Jeff Tenenbaum, who chairs the Nonprofit Organizations Practice Group at Venable LLP, notes that federal and state labor laws still apply, even for telecommuters. There are other considerations that should be heeded when contemplating telecommuting.
  • The suitability of certain positions to telecommuting?
  • Wage and hour requirements. The Fair Labor Standards Act (FLSA) and state counterparts raise issues for how nonprofits monitor telecommuter work schedules.
  • Occupational Safety and Health Act (OSHA) issues.
  • Workers’ compensation laws.
  • Implications of the Americans with Disabilities Act (ADA). An employer is not necessarily required to permit telecommuting merely because it is the employee’s preferred reasonable accommodation.
  • Anti-discrimination. Telecommuting typically raises concerns about disparate impact claims, which arise not from intentional discrimination but inadvertent problems arising from company policy.
  • Medical leave needs. The most common problem arises when employers use telecommuting to pressure employees not to take medical leave.
  • Privacy issues. These can conflict with an employer’s need to monitor the employee’s performance.
  • Protection of confidential and proprietary information. Home office equipment such as computers and other devices containing work product and sensitive information should be dedicated to work-related activities only.
  • Income taxes. Complications can arise when an employee telecommutes from a different state.
  • Tort liability. Liability insurance should cover the telecommuting employee’s home.
  • Zoning laws.

Wednesday, November 28, 2012

Explaining Your Nonprofit's Hiring Policy

When writing a job description for your organization, it is important to hit all the key points job seekers want to know. That means explaining the salary and benefits they will earn, the culture of the nonprofit, and the skills required for the job.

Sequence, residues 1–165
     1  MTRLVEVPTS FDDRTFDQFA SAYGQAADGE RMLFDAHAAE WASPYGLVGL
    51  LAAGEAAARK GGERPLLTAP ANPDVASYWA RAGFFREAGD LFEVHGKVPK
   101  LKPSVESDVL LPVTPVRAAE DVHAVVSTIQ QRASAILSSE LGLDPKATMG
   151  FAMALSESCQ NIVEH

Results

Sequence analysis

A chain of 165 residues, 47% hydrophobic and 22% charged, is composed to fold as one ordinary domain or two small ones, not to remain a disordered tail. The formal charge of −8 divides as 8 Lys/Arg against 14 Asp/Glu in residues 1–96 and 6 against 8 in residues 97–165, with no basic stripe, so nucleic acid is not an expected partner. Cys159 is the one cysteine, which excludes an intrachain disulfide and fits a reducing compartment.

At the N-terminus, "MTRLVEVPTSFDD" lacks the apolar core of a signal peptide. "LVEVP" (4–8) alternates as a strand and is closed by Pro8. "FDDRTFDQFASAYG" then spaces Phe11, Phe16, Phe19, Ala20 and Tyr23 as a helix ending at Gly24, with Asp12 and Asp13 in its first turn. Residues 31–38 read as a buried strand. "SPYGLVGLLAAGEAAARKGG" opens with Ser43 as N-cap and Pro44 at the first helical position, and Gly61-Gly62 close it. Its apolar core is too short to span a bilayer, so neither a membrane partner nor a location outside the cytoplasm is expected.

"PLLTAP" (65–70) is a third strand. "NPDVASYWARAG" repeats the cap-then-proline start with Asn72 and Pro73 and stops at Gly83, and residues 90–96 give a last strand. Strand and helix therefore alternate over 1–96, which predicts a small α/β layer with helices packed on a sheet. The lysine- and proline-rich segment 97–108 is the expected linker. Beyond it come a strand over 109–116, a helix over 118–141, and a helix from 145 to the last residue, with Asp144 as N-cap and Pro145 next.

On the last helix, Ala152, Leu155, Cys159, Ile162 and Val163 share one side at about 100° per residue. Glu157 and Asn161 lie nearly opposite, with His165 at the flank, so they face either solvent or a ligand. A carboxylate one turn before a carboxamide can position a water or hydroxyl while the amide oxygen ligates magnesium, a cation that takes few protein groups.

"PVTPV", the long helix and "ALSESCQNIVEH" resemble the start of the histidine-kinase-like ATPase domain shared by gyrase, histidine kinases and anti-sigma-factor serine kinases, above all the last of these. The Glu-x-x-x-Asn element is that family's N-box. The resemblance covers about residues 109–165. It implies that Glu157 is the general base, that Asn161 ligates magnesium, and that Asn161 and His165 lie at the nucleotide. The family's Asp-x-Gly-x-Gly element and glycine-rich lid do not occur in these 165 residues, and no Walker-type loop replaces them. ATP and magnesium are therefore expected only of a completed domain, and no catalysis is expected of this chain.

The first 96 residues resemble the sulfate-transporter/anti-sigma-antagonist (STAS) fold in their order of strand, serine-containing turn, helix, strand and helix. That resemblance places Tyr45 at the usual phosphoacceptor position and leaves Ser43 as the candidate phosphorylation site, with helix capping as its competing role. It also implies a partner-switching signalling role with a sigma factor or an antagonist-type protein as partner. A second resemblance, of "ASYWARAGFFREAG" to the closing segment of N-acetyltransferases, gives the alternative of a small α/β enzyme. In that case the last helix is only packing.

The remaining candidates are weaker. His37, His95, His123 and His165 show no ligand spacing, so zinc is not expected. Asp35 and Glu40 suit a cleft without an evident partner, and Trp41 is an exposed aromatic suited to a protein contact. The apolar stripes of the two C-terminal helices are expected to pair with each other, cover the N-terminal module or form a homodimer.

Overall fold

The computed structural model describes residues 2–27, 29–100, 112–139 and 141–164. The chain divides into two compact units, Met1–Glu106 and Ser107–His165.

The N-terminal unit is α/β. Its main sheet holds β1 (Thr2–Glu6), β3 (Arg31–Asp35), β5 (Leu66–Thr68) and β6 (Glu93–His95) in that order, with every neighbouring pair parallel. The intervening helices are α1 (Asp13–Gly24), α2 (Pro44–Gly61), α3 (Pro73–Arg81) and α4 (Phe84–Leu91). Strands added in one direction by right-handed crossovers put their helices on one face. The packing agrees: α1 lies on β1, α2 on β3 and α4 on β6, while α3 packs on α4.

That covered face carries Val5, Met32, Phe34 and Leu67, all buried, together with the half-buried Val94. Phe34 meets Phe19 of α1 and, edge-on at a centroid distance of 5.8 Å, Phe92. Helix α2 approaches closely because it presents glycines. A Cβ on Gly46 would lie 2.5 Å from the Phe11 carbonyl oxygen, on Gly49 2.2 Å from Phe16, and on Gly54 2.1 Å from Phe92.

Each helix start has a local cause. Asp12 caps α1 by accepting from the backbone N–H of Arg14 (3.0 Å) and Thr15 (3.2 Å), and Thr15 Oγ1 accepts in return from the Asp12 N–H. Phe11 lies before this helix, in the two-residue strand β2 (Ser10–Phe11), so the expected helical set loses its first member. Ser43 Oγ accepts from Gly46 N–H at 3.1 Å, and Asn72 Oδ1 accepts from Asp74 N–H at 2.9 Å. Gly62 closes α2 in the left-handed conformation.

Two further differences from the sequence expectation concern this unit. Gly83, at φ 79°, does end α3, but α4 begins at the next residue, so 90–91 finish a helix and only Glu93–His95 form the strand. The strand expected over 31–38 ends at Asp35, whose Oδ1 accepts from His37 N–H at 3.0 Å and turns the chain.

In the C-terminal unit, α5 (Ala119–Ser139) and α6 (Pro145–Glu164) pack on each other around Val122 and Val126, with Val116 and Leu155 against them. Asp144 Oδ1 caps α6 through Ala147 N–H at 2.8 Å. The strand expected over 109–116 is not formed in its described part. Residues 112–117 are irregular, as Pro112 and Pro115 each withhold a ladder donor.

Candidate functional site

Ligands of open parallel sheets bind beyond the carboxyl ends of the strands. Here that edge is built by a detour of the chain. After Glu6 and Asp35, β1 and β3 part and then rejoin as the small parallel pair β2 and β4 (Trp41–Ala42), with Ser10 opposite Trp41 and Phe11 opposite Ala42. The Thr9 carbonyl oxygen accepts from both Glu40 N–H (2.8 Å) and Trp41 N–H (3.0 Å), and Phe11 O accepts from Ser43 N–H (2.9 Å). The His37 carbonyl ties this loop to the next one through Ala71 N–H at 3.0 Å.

Yet hiring managers shouldn't neglect to explain one other thing about their organization: Its hiring policy.

Most candidates want to know as much as they can about how an organization hires employees. This allows them to set reasonable expectations about when they should hear back. In his book "Managing a Nonprofit Organization," Thomas Wolf wrote that the clearer your policies are, the less chance there is for misunderstandings.

Wolf recommended organizations answer the following questions about their hiring policies:

  • How are employees hired and is there a formal process with public notice required?
  • Are current employees given first preference for a job vacancy?
  • Is there an affirmative action policy?
  • Is hiring done solely on the basis of competency and qualifications?
  • Is every prospective employee allowed to see a job description?
  • Is there an official training period?
  • Do temporary or permanent part-time employees enjoy the same rights and benefits as full-time employees?
  • How often are salary ranges and job classifications reviewed and by whom?

Monday, November 26, 2012

7 Professional Development Tips

Just because you've finally got the job of your dreams doesn't mean you can relax. On the contrary, you should always be working as hard as you can to impress your superiors so they not only know they made the right choice in hiring you, but also to improve your chance of moving up the ladder.